Roadrunner´s Boost to Pipeline PaceWed, 01/20/2016 - 15:05
With falling oil and gas prices globally, Texas’ Permian Basin seems to be the only area to emerge from the downturn relatively unscathed, with rising a production. This can be witnessed through OneOk’s new partnership with Fermaca to provide the Roadrunner natural gas pipeline, running from Coyanosa, through the border near San Elizario, to connect with Mexico’s existing Tarahumara pipeline. Fernando Calvillo, Fermaca’s President and CEO, expects the connection to be up and running by the first quarter of 2017.
“We believe that sooner or later, an integrated energy hub will come into being between Canada, the US, and Mexico, a development we hope will be facilitated by the Roadrunner project,” shares Calvillo. He predicts that access to gas at a price between US$3 and even US$5 per million BTU will continue to benefit Mexico’s power producers and industrial consumers, while creating interesting markets for US gas producers just across the border. The company has also started construction on the Encino-La Laguna project that begins in the state of Chihuahua and ends in the state of Durango, and is working to meet two delivery dates. One segment should be operating by April 2016 and the second part is expected for the first quarter of 2017. The project will employ the same and improved procedures and techniques used in the Tarahumara project, which was the first pipeline delivered to the federal government on time and on budget.
As a midstream company, Fermaca is also interested in crude oil and refined products. The Energy Reform, in this sense, will allow the company to grow and expand into new markets. Calvillo believes that the industry has taken an interesting turn due to the lack of natural gas production in Mexico, the drive to gas-fired power generation, and the pricing and availability of gas in the US. This new dynamic has allowed Fermaca to become an international company, building its first cross-border pipeline between Mexico and the US.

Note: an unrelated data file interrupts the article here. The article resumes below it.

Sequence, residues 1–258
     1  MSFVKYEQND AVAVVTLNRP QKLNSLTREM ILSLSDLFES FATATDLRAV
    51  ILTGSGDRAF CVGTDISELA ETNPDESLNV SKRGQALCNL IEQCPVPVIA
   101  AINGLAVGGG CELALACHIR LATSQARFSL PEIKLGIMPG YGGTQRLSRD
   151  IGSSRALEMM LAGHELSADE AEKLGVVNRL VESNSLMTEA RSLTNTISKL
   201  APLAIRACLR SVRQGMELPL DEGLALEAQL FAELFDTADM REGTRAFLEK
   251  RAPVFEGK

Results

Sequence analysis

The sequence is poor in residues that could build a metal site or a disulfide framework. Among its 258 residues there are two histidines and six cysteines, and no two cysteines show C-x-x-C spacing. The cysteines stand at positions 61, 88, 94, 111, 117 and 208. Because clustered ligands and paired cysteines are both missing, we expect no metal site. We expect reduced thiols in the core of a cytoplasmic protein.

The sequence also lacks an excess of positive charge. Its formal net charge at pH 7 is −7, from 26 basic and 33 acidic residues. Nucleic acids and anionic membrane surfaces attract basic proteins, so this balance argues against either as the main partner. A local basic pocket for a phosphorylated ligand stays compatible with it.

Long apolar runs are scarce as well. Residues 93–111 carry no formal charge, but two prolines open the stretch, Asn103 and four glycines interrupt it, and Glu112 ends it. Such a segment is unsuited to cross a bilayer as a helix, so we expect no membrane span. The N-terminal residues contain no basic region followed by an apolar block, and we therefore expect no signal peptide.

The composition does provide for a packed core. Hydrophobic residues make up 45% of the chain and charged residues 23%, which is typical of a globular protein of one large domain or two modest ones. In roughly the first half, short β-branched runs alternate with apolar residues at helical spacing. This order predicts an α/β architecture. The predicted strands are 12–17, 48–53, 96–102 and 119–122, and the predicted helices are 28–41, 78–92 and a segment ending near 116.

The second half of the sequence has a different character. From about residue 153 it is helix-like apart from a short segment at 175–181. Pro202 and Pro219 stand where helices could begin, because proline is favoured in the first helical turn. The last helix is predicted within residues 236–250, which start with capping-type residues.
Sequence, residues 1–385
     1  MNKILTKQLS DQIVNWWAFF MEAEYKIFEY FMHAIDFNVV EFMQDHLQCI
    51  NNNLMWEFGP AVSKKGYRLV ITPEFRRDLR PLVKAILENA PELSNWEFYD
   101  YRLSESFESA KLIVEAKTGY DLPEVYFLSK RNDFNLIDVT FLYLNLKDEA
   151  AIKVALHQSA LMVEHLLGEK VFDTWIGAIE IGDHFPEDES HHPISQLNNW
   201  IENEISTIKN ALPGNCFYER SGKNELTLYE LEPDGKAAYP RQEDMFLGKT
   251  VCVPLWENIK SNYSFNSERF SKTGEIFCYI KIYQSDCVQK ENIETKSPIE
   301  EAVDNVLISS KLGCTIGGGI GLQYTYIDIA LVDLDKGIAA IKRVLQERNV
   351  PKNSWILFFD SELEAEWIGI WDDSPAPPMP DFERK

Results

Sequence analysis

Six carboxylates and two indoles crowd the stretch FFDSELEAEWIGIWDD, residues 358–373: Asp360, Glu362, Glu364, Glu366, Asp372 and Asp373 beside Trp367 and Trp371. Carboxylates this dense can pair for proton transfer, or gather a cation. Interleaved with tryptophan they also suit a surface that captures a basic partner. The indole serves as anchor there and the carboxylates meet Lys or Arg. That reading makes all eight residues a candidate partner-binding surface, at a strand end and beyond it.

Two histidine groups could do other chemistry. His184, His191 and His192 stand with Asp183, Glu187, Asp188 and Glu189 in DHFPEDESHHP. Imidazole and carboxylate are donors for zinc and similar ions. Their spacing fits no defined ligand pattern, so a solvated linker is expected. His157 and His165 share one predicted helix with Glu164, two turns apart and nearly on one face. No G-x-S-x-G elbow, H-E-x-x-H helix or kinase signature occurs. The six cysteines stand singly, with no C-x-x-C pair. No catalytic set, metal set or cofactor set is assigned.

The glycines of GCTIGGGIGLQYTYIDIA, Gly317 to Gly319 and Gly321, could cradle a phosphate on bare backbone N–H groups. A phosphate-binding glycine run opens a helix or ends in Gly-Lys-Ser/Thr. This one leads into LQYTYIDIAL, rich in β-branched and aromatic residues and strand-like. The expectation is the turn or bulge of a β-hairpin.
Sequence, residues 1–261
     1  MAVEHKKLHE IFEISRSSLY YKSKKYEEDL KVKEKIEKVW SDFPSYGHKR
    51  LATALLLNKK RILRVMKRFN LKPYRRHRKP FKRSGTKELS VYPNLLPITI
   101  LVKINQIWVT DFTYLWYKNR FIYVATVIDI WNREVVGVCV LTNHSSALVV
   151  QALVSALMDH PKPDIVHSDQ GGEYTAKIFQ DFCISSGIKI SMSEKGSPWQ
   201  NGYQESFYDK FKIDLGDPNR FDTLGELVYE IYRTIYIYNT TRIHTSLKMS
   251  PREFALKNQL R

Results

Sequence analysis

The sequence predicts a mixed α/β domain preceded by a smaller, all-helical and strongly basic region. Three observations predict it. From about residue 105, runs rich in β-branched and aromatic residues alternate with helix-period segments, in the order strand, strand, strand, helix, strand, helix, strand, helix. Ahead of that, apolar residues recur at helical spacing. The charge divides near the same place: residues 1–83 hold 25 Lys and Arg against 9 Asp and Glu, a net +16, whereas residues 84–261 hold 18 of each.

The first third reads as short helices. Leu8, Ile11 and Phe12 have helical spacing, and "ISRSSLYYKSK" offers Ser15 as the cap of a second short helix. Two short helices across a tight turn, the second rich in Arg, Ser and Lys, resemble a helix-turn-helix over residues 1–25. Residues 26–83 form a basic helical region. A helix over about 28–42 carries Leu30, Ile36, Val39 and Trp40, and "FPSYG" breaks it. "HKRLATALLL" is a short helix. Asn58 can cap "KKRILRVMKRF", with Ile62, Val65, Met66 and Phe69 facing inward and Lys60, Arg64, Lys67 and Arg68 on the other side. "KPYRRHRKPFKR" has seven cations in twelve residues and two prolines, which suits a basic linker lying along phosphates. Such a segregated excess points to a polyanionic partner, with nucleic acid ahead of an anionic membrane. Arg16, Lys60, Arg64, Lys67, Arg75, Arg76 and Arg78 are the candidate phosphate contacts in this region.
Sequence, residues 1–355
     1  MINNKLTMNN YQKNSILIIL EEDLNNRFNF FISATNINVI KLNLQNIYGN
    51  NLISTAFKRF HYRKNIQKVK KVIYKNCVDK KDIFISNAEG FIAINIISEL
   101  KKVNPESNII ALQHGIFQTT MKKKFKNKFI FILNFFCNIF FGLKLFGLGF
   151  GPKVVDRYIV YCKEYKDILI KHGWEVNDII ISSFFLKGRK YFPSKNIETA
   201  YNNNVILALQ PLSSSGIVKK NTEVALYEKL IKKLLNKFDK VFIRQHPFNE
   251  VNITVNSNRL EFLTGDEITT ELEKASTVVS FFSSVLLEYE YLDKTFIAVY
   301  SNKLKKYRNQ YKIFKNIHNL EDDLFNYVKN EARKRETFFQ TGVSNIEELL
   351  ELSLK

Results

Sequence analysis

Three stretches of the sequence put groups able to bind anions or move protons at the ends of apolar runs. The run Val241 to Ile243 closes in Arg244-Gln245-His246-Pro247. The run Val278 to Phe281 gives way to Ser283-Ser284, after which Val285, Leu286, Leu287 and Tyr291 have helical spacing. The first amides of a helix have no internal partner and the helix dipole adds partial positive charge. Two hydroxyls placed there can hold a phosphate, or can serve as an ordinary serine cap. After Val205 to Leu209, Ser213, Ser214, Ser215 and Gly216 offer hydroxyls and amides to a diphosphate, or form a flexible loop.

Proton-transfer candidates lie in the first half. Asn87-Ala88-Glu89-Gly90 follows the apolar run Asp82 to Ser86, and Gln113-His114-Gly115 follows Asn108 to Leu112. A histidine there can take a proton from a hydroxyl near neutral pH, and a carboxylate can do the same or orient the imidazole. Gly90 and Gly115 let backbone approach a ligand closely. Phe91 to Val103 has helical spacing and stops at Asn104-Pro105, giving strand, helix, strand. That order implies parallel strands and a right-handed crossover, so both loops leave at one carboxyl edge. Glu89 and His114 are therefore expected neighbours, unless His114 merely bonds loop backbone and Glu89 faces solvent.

As a result of the Reform, the role of CFE in the market is changing and CENAGAS is the new system operator. However, Calvillo firmly thinks that CENAGAS’ activities will not impact those of Fermaca, as both companies operate using independent systems. Financially, CFE will improve once fuel supplies stabilize and the infrastructure is up and running, while the new electricity market begins to operate. “In the long term, perhaps it will not make too much sense for the future CFE to be involved in so many activities,” Calvillo admits. “But today, I believe CFE is doing perfectly well, and that its current strategy is working.”
Calvillo does not believe that operation of pipelines would be in CFE’s best interests. That is partly why CFE tenders capacity and the transportation services. “Both institutions should rely substantially on private companies and the whole country should pay for the infrastructure,” offers Calvillo, using Spain’s experience as a precedent. The Spanish government formed an agency, and every company with a promising project was able to enroll in the system. Without a need for the government to keep the natural gas pipeline industry, it may soon sell its assets, and create tenders by sectors, allowing companies like Fermaca to acquire these pipelines. At the moment, the company is undergoing a restructuring and, having issued its first bond, it is closer than ever to its aim of being a public company. “We truly look forward to becoming a public company, as this would give us further growth opportunities,” Calvillo reveals. However, for the moment, the company’s main priorities are the construction of Encino-La Laguna and the Roadrunner. Fermaca also want to keep its business development side focused on future projects, including any new tenders from CFE, PEMEX, or CENAGAS.